Avoid online fraud
Although it's generally secure and convenient to conduct your personal and financial business online, you still need to look out for Internet criminals trying to defraud you of your money or steal your identity.
Sallie Mae is constantly evaluating and improving its systems and processes to protect you. Use this information to help keep your personal and financial data secure.
Take these simple steps to protect yourself
Protect yourself from email and Internet fraud by being alert and avoiding unnecessary risks. Just as you would not give your credit card to a person you do not trust, do not give your personal contact or account information to a website that looks suspicious.
- Avoid conducting personal financial business on shared or public computers, as in an Internet café or a library.
- If you use a public computer, don't save your passwords or user IDs on the browser. After you're done, log out of all websites, clear the browser's cache and history, and close the browser. This makes it harder for the next person using the computer to see what you've done.
- Avoid conducting financial transactions over public wireless hotspots.
- Make sure your browser is up to date and that your computer has the latest security patches.
- Install the latest version of an established anti-virus software. If you already have an anti-virus program installed, make sure you get the latest updates by keeping your subscription current.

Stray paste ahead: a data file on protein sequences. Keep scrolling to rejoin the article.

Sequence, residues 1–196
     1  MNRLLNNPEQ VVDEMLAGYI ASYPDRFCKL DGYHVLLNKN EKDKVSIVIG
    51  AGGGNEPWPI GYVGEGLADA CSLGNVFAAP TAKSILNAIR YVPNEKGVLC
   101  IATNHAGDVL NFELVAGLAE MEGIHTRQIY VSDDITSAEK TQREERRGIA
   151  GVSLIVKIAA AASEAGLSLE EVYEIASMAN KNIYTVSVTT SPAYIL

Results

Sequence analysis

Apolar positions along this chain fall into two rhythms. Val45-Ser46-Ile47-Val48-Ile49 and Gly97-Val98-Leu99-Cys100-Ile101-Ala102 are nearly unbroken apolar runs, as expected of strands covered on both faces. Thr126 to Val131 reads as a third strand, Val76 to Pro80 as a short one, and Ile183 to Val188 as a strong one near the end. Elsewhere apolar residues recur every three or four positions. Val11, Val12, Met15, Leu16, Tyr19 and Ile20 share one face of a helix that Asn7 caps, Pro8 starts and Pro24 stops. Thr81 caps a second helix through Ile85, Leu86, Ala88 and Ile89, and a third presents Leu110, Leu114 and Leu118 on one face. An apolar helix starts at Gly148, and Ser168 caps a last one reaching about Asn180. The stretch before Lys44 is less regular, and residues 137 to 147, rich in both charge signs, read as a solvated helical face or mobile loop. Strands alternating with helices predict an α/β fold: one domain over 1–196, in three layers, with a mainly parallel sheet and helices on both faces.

- Protect your privacy against spyware or malware by installing established spyware blockers.
- Make sure no one has hijacked your identity: Periodically check your credit reports with the major credit reporting agencies. Make sure your information is correct and that no one has tried opening fraudulent lines of credit in your name.
Concerned about a suspicious email regarding your account with us? Report it to firstname.lastname@example.org.
What is phishing?
Phishing is an Internet scam where criminals try to trick you into divulging sensitive personal information, such as user names, passwords, PINs, or Social Security numbers. Phishing begins as unsolicited emails — or spam — that seem to be from a legitimate company. The emails impersonate the company's look, name, logo, and URL. The emails often use threatening language — such as saying your account will be closed if you do not respond — and "require" that you provide sensitive personal information.
What other damage can phishing do?
Some phishers have been known to send out emails linking to websites rigged to install viruses or Trojan horses on your computer. Such malicious software could take over your computer or record all the sites you visit along with your login information.